If your Ubuntu system is hosted by Google Cloud, for example as a Compute Engine instance, there are a number of different ways to gain SSH access to the server using key-based authentication. Perhaps the most straightforward is to add your public key to the metadata for your Google Cloud account. This will make the public key available for all Virtual Machine instances that you create within Google Cloud. To add the public key, log into the Google Cloud Platform console, select the Metadata option from the left-hand navigation panel as highlighted in Figure 18-5 followed by the SSH keys tab:
On the SSH Keys screen, click on the Edit button (also highlighted in Figure 18-5) to edit the list of keys. Scroll down to the bottom of the current list and click on the + Add Item button. A new field will appear into which you will need to paste the entire public key as it appears in your id_rsa.pub file. Once the key has been entered, click on the Save button to add the key.
The public key will now appear in the list of SSH Keys. Note that the key entry also includes the username which must be used when logging into any Google Cloud instances:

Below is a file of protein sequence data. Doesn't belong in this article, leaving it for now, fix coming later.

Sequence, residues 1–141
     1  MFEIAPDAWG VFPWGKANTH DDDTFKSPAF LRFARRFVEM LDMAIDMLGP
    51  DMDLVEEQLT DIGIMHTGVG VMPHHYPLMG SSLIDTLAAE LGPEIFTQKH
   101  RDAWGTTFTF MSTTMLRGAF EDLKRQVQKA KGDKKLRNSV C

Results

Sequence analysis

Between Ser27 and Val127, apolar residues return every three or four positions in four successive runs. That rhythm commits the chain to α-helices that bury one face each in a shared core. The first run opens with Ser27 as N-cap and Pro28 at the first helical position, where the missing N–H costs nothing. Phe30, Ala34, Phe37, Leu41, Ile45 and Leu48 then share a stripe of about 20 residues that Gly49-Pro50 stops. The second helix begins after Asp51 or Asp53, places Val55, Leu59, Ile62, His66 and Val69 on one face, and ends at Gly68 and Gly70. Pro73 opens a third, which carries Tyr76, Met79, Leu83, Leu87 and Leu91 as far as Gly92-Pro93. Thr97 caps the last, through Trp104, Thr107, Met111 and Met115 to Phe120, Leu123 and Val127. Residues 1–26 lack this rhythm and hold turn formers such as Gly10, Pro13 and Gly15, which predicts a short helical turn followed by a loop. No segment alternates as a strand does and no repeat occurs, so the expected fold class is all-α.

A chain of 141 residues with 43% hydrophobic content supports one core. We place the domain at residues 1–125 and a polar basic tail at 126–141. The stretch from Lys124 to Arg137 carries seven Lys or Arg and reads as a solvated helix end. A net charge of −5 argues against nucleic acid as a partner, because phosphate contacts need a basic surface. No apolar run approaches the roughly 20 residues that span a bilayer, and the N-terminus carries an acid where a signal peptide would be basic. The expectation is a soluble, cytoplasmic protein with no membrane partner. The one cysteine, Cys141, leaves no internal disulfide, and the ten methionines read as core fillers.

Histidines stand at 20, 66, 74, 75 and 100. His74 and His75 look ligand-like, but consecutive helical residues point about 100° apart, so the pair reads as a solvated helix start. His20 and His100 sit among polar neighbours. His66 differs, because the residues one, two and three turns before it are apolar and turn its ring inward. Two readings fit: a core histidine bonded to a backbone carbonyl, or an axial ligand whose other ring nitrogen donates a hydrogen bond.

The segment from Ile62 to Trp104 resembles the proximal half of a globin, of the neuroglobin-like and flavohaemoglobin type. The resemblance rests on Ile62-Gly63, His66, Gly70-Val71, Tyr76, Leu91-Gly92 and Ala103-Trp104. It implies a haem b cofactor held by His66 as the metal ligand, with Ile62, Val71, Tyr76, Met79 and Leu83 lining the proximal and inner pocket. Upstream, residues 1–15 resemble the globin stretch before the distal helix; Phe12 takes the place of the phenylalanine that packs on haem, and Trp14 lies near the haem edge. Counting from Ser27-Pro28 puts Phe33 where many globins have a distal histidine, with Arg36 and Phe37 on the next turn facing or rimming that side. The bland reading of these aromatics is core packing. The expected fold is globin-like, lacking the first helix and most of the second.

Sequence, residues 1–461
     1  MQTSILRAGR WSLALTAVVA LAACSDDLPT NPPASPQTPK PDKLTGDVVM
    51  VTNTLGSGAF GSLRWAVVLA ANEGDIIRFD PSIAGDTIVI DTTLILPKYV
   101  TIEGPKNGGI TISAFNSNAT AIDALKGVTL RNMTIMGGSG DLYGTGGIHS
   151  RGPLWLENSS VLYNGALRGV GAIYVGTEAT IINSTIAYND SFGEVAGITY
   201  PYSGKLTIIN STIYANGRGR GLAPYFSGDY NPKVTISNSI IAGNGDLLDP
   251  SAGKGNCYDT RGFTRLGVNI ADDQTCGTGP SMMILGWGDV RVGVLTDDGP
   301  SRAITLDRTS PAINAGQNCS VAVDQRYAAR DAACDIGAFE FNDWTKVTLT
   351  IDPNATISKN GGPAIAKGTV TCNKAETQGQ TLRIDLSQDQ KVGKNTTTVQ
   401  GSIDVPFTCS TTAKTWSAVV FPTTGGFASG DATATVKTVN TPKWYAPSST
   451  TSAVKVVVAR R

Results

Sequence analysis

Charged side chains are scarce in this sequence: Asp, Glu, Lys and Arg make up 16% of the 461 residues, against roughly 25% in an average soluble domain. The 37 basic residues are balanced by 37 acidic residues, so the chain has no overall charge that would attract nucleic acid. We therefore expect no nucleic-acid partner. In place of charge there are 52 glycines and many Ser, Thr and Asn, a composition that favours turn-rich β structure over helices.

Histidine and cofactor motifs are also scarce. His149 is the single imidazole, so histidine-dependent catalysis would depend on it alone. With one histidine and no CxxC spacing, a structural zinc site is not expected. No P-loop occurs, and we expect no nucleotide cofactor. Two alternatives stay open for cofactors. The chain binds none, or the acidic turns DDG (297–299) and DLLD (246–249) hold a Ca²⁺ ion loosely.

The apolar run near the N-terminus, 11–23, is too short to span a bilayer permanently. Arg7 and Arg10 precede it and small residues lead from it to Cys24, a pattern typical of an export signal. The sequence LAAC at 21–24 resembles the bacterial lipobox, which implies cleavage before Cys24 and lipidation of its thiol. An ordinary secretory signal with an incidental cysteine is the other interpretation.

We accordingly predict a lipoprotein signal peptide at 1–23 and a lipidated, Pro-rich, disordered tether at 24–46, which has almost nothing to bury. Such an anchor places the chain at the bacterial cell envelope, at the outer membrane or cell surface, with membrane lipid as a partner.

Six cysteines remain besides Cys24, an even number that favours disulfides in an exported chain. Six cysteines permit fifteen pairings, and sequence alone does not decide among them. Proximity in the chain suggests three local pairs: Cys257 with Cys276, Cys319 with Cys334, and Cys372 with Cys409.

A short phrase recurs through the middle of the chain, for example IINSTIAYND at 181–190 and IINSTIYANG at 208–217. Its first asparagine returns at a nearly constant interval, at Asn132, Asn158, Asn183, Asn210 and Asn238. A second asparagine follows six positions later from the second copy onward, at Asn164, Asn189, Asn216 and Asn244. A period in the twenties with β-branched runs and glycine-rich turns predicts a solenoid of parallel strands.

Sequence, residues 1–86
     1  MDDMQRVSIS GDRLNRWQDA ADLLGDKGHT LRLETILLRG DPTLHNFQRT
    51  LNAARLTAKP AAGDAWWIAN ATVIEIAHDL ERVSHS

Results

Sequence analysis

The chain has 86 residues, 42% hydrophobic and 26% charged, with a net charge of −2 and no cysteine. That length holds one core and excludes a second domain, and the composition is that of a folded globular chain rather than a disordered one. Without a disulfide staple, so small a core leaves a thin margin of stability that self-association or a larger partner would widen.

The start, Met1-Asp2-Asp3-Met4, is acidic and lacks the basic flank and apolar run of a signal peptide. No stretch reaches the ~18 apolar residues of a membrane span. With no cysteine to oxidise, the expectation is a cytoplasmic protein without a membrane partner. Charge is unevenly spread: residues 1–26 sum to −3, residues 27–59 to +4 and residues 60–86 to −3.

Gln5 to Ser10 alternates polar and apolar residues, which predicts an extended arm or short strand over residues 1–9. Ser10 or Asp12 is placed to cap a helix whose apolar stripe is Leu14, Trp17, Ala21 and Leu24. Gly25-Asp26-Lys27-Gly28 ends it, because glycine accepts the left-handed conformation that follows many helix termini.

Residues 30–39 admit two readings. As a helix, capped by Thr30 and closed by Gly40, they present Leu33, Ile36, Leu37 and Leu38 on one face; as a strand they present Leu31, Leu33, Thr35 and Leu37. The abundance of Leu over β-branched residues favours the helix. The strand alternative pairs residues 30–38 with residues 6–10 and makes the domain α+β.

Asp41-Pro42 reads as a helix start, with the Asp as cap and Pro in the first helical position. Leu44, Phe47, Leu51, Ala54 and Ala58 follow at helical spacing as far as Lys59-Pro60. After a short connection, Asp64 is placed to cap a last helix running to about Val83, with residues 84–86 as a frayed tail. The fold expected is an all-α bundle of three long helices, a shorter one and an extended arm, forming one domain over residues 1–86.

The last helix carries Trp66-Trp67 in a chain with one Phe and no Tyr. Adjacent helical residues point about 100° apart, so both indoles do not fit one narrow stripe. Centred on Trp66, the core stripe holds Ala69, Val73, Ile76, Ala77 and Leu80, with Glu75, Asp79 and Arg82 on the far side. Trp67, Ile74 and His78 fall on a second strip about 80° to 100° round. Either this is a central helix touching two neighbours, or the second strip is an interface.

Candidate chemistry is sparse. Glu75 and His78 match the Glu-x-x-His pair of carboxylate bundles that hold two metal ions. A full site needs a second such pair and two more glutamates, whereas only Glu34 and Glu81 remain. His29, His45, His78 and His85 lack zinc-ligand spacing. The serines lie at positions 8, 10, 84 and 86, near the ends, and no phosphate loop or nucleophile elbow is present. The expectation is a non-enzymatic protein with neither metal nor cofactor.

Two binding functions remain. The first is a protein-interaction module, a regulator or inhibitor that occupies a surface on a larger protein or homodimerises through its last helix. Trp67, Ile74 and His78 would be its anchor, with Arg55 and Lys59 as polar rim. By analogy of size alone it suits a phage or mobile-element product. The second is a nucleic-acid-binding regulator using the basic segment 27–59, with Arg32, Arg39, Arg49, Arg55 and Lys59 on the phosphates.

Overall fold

With the public key added to the metadata it should be possible to access any virtual machine instance from any client on which the corresponding private key has been installed and on which the user has an account. In fact, behind the scenes, all Google Cloud has done to enable this is add the public key to the .ssh/authorized_keys file in the user’s home directory on any virtual machines on which the account exists.
It is important that any remote access to an Ubuntu system be implemented in a way that provides a high level of security. By default, SSH allows remote system access using password-based authentication. This leaves the system vulnerable to anyone who can either guess a password, or find out the password through other means. For this reason, the use of key-based authentication is recommended to protect system access. Key-based authentication uses the concept of public key encryption involving public and private keys. When implemented, users are only able to connect to a server if they are using a client which has a private key that matches a public key on the server. As an added layer of security, the private key may also be encrypted and password protected. Once key-based encryption has been implemented, the server system is then configured to disable support for the less secure password-based authentication.
This chapter has provided an overview of SSH key-based authentication and outlined the steps involved in generating keys and configuring clients on macOS, Linux and Windows, in addition to the installation and management of public keys on an Ubuntu server.